maximize_by
```
Applying this to the original `array`, we get the "best" record in each list, according to `maximize_by`.
```{code-cell} ipython3
array[maximize_by]
```
```{code-cell} ipython3
array[maximize_by].tolist()
```
This still has list structures and missing values, so it's ready for [ak.flatten](https://awkward-array.readthedocs.io/en/latest/_auto/ak.flatten.html), assuming that we extract the appropriate record field to plot.
```{code-cell} ipython3
ak.flatten(array[maximize_by].z, axis=None)
```
Concatenating independently restructured arrays
-----------------------------------------------
Sometimes, what you want to do can't be a single expression. Suppose we have this data:
```{code-cell} ipython3
array = ak.Array([[{"x": 1.1, "y": [1]}, {"x": 2.2, "y": [1, 2]}], [], [{"x": 3.3, "y": [1, 2, 3]}]])
array
```
and we want to combine all _x_ values and the maximum _y_ value in a plot. This requires a different expression on `array.x` from `array.y`.
```{code-cell} ipython3
ak.flatten(array.x)
```
```{code-cell} ipython3
ak.flatten(ak.max(array.y, axis=2), axis=None)
```
To get all of these into one array (because the plotting function only accepts one argument), you'll need to [ak.concatenate](https://awkward-array.readthedocs.io/en/latest/_auto/ak.concatenate.html) them.
```{code-cell} ipython3
ak.concatenate([
ak.flatten(array.x),
ak.flatten(ak.max(array.y, axis=2), axis=None),
])
```
Maintaining alignment between arrays with missing values
--------------------------------------------------------
Dropping missing values with [ak.flatten](https://awkward-array.readthedocs.io/en/latest/_auto/ak.flatten.html) doesn't keep track of where they were removed. This is a problem if the plotting library takes separate sequences for the x-axis and y-axis, and these must be aligned.
Instead of [ak.flatten](https://awkward-array.readthedocs.io/en/latest/_auto/ak.flatten.html), you can use [ak.is_none](https://awkward-array.readthedocs.io/en/latest/_auto/ak.is_none.html).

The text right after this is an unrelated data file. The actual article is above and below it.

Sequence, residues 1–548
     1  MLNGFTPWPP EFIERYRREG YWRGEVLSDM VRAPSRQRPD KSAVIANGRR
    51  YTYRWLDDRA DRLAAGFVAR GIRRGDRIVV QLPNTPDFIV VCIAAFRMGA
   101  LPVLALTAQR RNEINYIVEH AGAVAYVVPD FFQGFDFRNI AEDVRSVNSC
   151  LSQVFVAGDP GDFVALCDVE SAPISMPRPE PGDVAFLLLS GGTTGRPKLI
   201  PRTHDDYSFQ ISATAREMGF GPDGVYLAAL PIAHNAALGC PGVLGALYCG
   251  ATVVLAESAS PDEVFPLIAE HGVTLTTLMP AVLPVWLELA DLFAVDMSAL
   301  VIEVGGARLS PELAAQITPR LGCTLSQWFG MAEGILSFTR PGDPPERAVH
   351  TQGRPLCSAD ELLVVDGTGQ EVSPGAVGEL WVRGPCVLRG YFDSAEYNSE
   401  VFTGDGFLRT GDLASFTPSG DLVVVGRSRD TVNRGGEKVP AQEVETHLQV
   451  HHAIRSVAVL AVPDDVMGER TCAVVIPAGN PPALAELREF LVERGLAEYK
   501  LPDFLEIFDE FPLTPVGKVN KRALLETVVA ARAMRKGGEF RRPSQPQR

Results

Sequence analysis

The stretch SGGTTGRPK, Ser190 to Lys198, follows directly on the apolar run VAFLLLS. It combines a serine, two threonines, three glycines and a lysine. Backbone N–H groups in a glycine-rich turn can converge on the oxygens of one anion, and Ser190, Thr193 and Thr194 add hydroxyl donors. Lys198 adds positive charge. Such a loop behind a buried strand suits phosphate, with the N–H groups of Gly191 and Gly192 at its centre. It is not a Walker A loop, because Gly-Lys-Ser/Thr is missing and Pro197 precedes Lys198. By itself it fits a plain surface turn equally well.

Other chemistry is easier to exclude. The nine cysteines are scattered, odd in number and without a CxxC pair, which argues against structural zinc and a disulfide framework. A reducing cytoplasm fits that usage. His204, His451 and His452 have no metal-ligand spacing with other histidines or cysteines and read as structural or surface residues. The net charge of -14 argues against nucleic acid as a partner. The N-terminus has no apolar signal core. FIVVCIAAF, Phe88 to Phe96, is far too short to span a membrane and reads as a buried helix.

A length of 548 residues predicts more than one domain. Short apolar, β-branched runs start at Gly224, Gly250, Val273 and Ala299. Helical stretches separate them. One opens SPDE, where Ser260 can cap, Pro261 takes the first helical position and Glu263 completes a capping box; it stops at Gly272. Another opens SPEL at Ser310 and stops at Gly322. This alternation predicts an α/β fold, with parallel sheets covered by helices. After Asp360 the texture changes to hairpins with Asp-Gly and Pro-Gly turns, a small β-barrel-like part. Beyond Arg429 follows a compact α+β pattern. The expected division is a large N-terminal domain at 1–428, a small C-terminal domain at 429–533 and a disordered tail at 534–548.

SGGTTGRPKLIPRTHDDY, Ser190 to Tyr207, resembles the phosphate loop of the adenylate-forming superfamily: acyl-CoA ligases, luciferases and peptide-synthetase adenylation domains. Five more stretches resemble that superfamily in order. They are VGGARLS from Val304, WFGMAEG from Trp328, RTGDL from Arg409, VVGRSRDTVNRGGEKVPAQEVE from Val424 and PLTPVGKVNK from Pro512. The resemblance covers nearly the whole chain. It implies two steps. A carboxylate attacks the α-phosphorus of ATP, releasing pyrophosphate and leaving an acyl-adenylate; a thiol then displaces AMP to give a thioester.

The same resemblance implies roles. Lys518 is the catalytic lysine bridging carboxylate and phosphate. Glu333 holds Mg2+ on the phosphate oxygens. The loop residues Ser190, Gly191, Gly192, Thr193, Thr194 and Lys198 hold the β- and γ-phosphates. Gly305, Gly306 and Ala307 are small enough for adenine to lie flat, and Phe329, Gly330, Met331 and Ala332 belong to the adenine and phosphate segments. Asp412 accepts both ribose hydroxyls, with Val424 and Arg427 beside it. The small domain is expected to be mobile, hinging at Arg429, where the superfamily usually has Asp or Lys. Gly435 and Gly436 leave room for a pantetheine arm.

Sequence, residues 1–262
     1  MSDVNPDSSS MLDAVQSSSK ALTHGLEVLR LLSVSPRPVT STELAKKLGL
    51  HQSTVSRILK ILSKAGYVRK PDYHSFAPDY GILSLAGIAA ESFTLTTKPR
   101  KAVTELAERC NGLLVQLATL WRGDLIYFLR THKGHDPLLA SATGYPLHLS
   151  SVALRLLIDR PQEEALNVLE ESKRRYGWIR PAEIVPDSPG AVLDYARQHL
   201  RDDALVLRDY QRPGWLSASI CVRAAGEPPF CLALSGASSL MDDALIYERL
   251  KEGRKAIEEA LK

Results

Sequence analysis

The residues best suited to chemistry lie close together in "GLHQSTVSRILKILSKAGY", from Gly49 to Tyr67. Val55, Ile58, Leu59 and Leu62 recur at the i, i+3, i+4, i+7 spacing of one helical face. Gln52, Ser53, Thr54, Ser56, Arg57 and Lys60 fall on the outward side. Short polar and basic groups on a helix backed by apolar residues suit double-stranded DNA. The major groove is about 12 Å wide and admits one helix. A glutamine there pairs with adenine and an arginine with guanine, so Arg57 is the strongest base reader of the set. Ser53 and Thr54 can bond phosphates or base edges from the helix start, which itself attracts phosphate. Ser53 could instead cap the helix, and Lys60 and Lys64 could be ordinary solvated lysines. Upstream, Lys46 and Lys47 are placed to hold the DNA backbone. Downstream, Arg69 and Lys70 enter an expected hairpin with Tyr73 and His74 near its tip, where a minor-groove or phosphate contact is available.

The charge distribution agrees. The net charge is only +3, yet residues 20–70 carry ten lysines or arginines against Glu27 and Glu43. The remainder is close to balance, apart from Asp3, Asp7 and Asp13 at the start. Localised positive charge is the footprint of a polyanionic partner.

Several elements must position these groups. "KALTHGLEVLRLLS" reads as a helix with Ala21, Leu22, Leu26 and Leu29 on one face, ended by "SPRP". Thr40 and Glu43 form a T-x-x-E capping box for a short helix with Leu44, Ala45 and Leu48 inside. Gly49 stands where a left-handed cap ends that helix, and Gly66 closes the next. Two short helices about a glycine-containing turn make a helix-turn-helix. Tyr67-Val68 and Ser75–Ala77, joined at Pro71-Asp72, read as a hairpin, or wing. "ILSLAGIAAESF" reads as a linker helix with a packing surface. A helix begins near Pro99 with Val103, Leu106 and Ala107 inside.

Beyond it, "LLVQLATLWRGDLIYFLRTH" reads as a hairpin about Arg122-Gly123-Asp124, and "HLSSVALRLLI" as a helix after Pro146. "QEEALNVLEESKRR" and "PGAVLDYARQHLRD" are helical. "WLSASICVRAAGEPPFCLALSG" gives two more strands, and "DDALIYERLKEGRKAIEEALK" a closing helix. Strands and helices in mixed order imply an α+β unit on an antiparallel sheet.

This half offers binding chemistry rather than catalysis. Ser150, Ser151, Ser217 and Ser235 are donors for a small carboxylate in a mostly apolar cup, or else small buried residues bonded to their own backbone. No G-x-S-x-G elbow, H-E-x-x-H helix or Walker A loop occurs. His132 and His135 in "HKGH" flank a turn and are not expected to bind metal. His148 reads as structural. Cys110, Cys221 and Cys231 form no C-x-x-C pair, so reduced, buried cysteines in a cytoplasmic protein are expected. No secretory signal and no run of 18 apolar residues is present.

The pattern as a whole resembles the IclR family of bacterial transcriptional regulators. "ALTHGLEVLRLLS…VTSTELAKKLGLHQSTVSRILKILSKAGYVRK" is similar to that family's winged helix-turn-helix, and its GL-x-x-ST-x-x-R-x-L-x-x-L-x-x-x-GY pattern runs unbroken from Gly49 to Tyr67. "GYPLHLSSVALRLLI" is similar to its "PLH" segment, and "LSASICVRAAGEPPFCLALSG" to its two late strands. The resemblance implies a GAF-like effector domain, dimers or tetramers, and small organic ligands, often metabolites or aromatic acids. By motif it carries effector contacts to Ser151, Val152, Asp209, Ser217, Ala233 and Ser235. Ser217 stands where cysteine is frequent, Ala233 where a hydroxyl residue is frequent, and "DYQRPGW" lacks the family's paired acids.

```{code-cell} ipython3
array = ak.Array([
{"x": 1, "y": 5.5},
{"x": 2, "y": 3.3},
{"x": None, "y": 2.2},
{"x": 4, "y": None},
{"x": 5, "y": 1.1},
])
array
```
```{code-cell} ipython3
ak.is_none(array.x)
```
```{code-cell} ipython3
ak.is_none(array.y)
```
```{code-cell} ipython3
to_keep = ~(ak.is_none(array.x) | ak.is_none(array.y))
to_keep
```
```{code-cell} ipython3
array.x[to_keep], array.y[to_keep]
```
Actually drawing structure
--------------------------
If need be, you can change the plotter to match the data.
```{code-cell} ipython3
array = ak.Array([
[{"x": 1, "y": 3.3}, {"x": 2, "y": 1.1}, {"x": 3, "y": 2.2}],
[],
[{"x": 4, "y": 5.5}, {"x": 5, "y": 4.4}],
[{"x": 5, "y": 1.1}, {"x": 4, "y": 3.3}, {"x": 2, "y": 5.5}, {"x": 1, "y": 4.4}],
])
array
```
```{code-cell} ipython3
import matplotlib.pyplot as plt
import matplotlib.path
import matplotlib.patches
fig, ax = plt.subplots()
for line in array:
if len(line) > 0:
vertices = np.dstack([np.asarray(line.x), np.asarray(line.y)])[0]
codes = [matplotlib.path.Path.MOVETO] + [matplotlib.path.Path.LINETO] * (len(line) - 1)
path = matplotlib.path.Path(vertices, codes)
ax.add_patch(matplotlib.patches.PathPatch(path, facecolor="none"))
ax.set_xlim(0, 6)
ax.set_ylim(0, 6);
```
(The above example assumes that `len(array)` is small enough to iterate over in Python, but vectorizes over each list in the `array`. It was adapted from the [Matplotlib path tutorial](https://matplotlib.org/stable/tutorials/advanced/path_tutorial.html).)